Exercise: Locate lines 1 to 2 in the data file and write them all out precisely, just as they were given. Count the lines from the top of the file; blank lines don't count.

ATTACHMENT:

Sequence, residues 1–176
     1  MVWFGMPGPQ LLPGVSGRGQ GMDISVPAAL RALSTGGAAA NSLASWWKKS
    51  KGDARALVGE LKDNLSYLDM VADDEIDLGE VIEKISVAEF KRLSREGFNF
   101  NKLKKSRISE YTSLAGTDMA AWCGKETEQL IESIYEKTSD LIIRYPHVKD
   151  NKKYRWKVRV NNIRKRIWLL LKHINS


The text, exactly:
Sequence, residues 1–176
     1  MVWFGMPGPQ LLPGVSGRGQ GMDISVPAAL RALSTGGAAA NSLASWWKKS